Hospitals may profit from small reductions in ED boarding time
A one-hour reduction in the average emergency department boarding time could result in millions of additional dollars per year in revenue for hospitals that implement active bed-management strategies.
The results of a financial analysis and simulation model using real hospital data were reported April 25 in the online edition of Annals of Emergency Medicine in an article called "The Financial Consequences of Lost Demand and Reducing Boarding in Hospital Emergency Departments."
"This study helps debunk the conventional wisdom that boarding patients in the ED maximizes hospital profits," says lead study author Jesse M. Pines, M.D., of George Washington University in Washington, D.C. "Boarding is a major problem across the United States that results in poor patient care and worse outcomes. What we found is that it is possible for smart hospital managers to make more money and provide better ED service through less boarding if they are willing to cancel an occasional scheduled admission."
Researchers created models to determine what combination of ED admissions and scheduled admissions leads to highest hospital revenues. They determined that when hospital occupancy reached a certain point, a 5 percent reduction of scheduled admissions (generally only a few patients) would lead to an increase in hospital revenue of $7,418 per day.
"From a medical standpoint, less boarding is better for patients," says Pines. "Patients who need treatment are seen faster and patients who have been admitted to the hospital get out of the hallway faster. Just one hour less of boarding could trigger a cascade of positive eventsâ€” better health for our patients and better profits for the hospital."
Because ED admissions typically generate significantly less hospital revenue than scheduled admissions, hospital administrators have tended to favor scheduled admissions over ED admissions when allocating inpatient beds. Hard limits on beds allocated to ED admissions have led to patients being held in the ED for hours, a practice known as boarding. This study attempted to develop an admissions-management policy that could be used during periods of peak emergency admissions to maximize hospital revenue.
"The optimal strategies we tested resulted in at least $2.7 million more a year for the hospital," says co-author Robert J. Batt of The Wharton School at the University of Pennsylvania in Philadelphia. "A small adjustment in scheduled admissions now and then could have a big impact on both patient health and the hospital's bottom line."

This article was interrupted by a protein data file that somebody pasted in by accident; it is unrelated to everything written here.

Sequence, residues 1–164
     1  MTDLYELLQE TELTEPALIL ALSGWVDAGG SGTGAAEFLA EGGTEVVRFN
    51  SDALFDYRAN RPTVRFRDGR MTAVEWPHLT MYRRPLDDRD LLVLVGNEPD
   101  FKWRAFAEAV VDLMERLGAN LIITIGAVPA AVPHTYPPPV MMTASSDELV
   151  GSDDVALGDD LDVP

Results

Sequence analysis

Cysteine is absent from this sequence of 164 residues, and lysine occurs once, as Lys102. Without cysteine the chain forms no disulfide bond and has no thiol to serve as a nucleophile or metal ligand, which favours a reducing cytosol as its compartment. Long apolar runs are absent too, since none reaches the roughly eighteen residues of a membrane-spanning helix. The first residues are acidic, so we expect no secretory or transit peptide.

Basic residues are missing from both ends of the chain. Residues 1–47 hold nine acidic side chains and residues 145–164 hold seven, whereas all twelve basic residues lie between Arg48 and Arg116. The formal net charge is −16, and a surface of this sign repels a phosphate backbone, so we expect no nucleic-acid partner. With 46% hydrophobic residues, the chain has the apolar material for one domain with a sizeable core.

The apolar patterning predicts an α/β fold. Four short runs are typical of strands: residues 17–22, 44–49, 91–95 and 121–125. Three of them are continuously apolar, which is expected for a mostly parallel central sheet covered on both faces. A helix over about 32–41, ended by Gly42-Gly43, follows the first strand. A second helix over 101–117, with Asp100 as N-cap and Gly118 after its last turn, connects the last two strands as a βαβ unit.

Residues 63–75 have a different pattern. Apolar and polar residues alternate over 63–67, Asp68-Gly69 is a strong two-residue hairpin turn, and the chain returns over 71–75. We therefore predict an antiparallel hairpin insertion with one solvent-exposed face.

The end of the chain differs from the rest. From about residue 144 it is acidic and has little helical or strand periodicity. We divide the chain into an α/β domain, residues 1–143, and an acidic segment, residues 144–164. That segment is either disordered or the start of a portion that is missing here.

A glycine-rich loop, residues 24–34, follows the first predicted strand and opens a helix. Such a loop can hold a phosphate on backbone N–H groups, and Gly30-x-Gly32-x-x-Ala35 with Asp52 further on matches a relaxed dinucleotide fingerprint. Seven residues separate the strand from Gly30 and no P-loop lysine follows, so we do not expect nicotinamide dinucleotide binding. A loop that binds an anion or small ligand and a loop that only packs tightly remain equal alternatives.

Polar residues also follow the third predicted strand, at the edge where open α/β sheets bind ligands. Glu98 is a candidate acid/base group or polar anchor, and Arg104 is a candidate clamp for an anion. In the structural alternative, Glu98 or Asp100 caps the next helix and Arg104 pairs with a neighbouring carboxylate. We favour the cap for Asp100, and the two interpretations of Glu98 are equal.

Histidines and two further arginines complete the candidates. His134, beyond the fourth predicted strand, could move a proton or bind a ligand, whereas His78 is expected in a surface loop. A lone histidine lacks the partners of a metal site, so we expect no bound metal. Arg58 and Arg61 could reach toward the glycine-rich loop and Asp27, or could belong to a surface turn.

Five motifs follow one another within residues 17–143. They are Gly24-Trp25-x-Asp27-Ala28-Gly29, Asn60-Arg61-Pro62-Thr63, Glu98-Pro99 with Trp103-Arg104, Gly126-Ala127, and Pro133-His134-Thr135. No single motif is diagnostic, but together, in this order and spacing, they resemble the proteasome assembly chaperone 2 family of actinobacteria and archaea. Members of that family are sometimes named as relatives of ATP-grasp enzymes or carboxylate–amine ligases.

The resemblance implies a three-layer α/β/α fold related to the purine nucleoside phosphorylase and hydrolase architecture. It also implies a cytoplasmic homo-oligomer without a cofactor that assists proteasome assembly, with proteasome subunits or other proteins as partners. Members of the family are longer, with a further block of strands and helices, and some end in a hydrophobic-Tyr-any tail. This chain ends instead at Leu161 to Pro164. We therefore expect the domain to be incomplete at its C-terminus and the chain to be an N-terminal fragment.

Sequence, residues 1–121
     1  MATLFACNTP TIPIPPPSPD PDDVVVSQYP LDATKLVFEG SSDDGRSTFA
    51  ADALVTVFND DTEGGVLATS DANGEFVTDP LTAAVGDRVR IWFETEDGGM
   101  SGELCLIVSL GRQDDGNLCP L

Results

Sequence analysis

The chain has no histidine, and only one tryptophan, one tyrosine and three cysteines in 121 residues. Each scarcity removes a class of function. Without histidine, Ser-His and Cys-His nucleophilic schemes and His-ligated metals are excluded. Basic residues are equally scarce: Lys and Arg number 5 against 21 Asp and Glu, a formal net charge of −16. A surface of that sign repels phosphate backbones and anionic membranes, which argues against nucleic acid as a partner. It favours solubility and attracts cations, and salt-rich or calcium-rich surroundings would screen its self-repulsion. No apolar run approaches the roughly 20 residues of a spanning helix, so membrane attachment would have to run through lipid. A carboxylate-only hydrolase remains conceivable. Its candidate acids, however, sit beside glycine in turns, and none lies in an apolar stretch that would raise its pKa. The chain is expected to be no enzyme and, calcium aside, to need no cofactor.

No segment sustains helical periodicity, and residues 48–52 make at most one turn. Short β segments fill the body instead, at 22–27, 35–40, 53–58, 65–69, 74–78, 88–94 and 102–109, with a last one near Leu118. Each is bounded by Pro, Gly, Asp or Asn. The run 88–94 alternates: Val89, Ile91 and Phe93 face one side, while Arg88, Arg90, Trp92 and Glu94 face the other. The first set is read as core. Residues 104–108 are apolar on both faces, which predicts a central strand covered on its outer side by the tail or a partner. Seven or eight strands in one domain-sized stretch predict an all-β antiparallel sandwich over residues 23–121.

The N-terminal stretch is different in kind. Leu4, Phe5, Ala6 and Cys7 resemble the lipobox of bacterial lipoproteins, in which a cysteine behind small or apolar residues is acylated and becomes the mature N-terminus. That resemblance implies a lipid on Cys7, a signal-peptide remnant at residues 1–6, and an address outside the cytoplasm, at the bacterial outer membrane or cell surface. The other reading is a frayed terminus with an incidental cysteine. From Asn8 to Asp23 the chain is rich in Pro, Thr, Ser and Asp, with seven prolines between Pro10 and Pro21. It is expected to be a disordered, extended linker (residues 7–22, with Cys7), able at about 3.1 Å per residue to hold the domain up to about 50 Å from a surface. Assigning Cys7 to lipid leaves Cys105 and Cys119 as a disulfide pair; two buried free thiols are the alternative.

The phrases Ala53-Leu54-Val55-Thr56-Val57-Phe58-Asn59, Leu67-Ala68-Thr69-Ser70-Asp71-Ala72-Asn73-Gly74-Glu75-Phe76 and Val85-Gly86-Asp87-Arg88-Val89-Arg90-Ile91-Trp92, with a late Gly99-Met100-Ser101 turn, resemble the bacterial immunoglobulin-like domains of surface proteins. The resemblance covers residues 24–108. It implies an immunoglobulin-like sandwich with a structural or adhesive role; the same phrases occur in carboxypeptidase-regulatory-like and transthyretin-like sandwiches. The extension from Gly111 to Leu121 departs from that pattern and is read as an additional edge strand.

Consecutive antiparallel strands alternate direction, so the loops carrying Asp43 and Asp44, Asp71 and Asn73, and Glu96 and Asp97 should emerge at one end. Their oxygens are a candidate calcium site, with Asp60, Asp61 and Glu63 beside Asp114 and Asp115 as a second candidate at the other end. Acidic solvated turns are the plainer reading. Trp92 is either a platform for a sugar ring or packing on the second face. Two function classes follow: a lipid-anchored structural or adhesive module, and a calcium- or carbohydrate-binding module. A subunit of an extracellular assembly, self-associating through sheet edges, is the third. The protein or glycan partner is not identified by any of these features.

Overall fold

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Nearly 60 percent of children with epilepsy do not take their prescribed anti-epileptic medications, study shows
Nearly three of every five children with newly diagnosed epilepsy do not take their anti-epileptic medications as prescribed over the first six months of therapy, according to a study published in the April 27 issue of the Journal of the American Medical Association.
This high rate of non-adherence was surprising and concerning, says Avani C. Modi, co-director of the New Onset Seizure Program at Cincinnati Children's Hospital Medical Center and lead author of the study.
"Non-adherence in children with epilepsy can interfere with reaching treatment goals and eliminating seizures," says Modi. "This study suggests the need to work with families of children with epilepsy to identify and remove barriers to taking medications early in the course of therapy."
The researchers studied 124 children and their caregivers seen at the New Onset Seizure Clinic at Cincinnati Children's. These children were newly diagnosed with epilepsy and just starting medication. Caregivers were given a cap and bottle that electronically monitored adherence to the prescribed drug. Families were asked to remove the medication from the bottle only at the time of dosing. The data collected from the caps was not shared with families or health care providers during the course of the study.
During each child's clinic visits, researchers examined a variety of factors that could affect adherence, including each child's family characteristics, seizure frequency and medication side effects. Medications were changed by the child's health care provider if seizure control was inadequate.
The researchers identified different adherence patterns. Severe early non-adherence was exhibited by 13 percent of the children; severe delayed non-adherence, 7 percent ; moderate non-adherence, 13 percent; and mild non-adherence, 26 percent. Only 42 percent demonstrated near-perfect adherence. Most patients established their patterns of adherence in the first month of drug therapy. Researchers found that the lower the socioeconomic status of the family, the more likely children and their families are to miss doses of their medication.
In the United States, epilepsy affects 325,000 children younger than age 15. Among adults with epilepsy, non-adherence to drug treatment regimens has been associated with continued seizures, higher mortality and higher health care costs. It is unclear, says Modi, whether the consequences of non-adherence in children are similar to those in adults.